Tim Hanson, MAS, president and owner of Ball Pro Promotional Group (UPIC: SPORTS), is my friend. He has built a company we’ve come to know and trust for great products, service and solutions. In today’s market of supersized suppliers where reaching a principal can be challenging, I appreciate Tim’s accessibility.
I remember starting as a new distributor more than 30 years ago, and how much time, effort and energy it took. The big achievements were finding customers, establishing relationships with a bank and suppliers, and, of course, joining PPAI. Then, there were the challenges of managing the business, hiring the right people, retaining customers and implementing the right technology to streamline operations. In the beginning, my wife, Annie, and I would start our workday early and often worked into the night processing orders written that day. At the core of everything was something I never thought twice about: good health.
I moved to Minnesota in 1994. Establishing the business there was a challenge. Lucky for me, I met Tim at a tradeshow. One day I reached out to Tim, asking if we could meet for breakfast. I wanted to get his opinion on a business decision. Our business was growing, and Annie and I were trying to decide if we should let a new employee work in our home office. Tim objectively presented the pros and cons, and we opted to lease an office instead. He explained it would probably be more professional, all around, for employees to work out of an office rather than our home. Ever since then, we’ve been friends.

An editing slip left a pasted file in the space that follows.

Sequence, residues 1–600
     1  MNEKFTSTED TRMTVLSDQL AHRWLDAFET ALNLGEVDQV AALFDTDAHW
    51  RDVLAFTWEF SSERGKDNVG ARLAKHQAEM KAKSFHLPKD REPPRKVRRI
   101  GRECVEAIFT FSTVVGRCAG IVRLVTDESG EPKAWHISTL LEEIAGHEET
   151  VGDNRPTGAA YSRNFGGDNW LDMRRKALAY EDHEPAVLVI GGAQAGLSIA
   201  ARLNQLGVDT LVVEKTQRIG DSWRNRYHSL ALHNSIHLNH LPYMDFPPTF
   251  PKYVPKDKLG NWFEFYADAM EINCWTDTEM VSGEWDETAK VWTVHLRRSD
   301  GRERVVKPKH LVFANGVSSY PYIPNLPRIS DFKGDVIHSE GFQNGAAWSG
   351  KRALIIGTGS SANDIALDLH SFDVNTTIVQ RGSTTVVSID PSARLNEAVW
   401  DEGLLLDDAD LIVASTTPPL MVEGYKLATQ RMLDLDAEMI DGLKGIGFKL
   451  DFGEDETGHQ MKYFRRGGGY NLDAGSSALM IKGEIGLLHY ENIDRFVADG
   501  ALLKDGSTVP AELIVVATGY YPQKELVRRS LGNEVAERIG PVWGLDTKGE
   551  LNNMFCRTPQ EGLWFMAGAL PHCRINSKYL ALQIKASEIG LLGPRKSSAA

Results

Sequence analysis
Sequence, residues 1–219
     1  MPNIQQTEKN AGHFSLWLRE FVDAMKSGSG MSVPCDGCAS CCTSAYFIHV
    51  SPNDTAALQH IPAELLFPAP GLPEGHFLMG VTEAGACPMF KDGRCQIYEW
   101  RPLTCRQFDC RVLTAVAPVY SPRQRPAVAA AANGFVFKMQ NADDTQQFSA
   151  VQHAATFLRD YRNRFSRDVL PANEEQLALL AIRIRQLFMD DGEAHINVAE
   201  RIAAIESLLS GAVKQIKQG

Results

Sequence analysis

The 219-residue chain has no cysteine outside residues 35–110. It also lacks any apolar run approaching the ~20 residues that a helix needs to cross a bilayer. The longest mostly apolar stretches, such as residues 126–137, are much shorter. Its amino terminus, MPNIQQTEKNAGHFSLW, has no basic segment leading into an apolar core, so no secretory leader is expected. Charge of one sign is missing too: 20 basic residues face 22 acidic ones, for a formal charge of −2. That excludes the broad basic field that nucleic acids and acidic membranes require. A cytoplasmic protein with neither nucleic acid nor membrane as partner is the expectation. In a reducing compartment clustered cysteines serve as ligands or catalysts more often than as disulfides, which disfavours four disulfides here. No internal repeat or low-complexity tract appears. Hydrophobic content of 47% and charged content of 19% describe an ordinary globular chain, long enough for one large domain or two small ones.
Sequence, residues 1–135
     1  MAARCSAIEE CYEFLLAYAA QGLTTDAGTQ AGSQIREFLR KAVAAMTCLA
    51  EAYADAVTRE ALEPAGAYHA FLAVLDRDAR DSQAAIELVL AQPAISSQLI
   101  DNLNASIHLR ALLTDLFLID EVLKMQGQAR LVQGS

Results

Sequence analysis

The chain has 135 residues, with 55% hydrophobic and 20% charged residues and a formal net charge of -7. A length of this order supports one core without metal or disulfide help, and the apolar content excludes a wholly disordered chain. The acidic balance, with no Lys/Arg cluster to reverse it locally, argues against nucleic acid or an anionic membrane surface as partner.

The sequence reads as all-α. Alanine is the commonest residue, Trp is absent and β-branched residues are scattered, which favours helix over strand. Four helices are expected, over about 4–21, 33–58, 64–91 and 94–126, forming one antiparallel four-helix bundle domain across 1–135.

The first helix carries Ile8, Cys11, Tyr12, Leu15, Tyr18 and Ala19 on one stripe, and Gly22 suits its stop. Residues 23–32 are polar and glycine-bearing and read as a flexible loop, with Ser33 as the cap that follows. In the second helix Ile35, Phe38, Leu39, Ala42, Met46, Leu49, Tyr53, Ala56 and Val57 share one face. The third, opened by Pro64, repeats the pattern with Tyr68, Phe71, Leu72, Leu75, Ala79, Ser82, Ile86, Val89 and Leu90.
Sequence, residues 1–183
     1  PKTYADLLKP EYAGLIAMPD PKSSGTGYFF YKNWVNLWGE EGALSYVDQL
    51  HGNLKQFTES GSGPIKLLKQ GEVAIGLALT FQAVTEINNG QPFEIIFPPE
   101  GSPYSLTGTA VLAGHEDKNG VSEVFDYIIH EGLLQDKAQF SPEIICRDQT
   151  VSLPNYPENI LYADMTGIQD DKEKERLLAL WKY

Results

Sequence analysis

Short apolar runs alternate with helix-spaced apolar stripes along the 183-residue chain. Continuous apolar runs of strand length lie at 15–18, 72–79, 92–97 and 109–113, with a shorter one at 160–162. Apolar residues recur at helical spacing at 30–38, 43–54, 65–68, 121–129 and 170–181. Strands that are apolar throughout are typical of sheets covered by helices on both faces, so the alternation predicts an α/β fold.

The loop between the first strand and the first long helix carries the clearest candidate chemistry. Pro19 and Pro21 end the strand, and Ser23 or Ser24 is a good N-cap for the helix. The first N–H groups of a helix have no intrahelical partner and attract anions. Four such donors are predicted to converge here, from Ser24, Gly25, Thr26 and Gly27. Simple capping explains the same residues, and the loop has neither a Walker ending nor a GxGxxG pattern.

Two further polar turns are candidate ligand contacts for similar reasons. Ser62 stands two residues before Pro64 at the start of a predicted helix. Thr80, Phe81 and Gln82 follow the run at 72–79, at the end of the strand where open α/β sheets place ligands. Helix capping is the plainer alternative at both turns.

This is a story about pressing on when life throws you so many curve balls you feel as though you’ve struck out. It’s also about learning not to quit, about regrouping and making contingency plans to keep the business going. In Tim’s case, it’s like he’s standing in the middle of a driving range and getting pelted with golf balls.
You see, Cheryl, Tim’s wife of 36 years, and the mother of their three sons, was diagnosed with Alzheimer’s in June 2009. Then, almost simultaneously, Tim’s key inside customer service representative, Jason Greenslit, who had worked for Tim since 1998, was diagnosed with cancer, at the young age of 37.